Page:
The trip to Erbil Tuesday — in a northern region that is the seat of the Kurdistan Regional Government — followed meetings he held Monday in Baghdad with Sunni and Shi’ite leaders, including Maliki. During that visit he won assurances from Iraqi leaders that they would begin forming a new government by July 1, as required by the constitution. The Kurds inhabit a semiautonomous region that is still part of the Iraq government and represents about 20 percent of the country’s population. But they have long feuded with Maliki, and Barzani has called for his ouster. “As everybody knows this is a very critical time for Iraq and the government formation challenge is the central challenge that we face,” Kerry said at the start of his meeting with the Kurdish president inside a palace compound, with stained glass windows and heaps of flowers. Barzani, in fatigues-style dress and a turban, told Kerry his visit comes at a “very important time.”

Even as some Iraqi troops abandoned their posts over the past two weeks, the Peshmerga, the Kurdish paramilitary forces, have gained ground. They recently helped solidify Kirkuk following an offensive from the Sunni militants that have been gaining ground in other parts of Iraq.

In an interview with CNN on Monday, Barzani strongly suggested the Kurdish region could seek independence. “During the last 10 years we did everything in our ability, we made every effort, and we showed political stability in order to build a new democratic Iraq,” he said. “But unfortunately the experience has not been successful they way that it should have.”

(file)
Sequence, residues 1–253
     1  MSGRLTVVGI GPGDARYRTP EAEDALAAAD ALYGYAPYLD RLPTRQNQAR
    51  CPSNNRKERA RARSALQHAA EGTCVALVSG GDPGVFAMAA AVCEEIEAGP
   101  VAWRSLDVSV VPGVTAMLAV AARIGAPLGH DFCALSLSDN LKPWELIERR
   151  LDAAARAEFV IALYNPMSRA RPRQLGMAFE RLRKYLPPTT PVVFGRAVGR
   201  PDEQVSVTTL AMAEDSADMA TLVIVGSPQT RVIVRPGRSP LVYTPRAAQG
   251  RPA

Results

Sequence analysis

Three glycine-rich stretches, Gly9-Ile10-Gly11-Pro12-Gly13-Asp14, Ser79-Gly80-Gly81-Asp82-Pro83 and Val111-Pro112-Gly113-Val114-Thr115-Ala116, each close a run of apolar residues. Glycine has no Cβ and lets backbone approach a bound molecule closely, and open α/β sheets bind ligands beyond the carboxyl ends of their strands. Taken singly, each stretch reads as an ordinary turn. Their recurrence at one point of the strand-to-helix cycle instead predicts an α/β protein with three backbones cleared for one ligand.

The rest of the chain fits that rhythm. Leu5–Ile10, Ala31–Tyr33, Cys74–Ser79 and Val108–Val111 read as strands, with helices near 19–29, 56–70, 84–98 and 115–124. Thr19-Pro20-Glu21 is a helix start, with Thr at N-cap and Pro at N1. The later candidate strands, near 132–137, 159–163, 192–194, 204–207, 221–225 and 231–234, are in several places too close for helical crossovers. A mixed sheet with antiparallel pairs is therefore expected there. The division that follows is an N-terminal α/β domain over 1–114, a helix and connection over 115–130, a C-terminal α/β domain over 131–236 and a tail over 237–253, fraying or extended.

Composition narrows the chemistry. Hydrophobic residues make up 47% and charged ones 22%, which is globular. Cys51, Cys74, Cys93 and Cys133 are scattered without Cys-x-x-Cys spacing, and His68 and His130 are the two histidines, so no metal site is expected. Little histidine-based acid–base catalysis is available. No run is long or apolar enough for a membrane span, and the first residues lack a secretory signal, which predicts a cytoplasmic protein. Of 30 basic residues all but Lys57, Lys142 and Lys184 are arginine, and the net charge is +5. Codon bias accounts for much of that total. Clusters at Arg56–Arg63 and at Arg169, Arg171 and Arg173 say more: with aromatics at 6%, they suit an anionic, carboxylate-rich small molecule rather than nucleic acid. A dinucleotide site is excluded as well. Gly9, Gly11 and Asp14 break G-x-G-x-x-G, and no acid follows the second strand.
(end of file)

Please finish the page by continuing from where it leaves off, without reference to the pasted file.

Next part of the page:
His comments could be part of a negotiating tactic aimed at elevating the Kurdish position during the creation of a new government. But US officials have worried that the growing strength of the Kurds could change their demands, or cause them to split off from Iraq.

“If they decide to withdraw from the Baghdad political process, it will accelerate a lot of the negative trends,” said a senior State Department official, speaking on the condition of anonymity. “Whereas if they are an active participant in that process . . . they will have substantial clout and influence in Baghdad.”

But the gains that Kurdish forces have made in recent weeks, the official said, could complicate the discussions. A peaceful debate among Kurds has emerged between a minority that support full independence against those who see joining a united government against the insurgents as the wise course, the official said.

“There’s a more majority debate out there that it is in nobody’s interest to have kind of Al Qaeda on steroids on our southern border, and the only way to make sure they are not is to make sure a moderate Sunni component is able to clear these areas,” the official added. “And to do that it’s really essential that the Kurds are an effective and active part of the national political process, including with a very strong Kurdish president.”

Several hours after landing in Erbil — a city filled with high-rise buildings under construction — Kerry was back aboard his C-17 military plane, bound for Brussels for meetings with NATO officials.

Matt Viser can be reached at matt.viser@globe.com.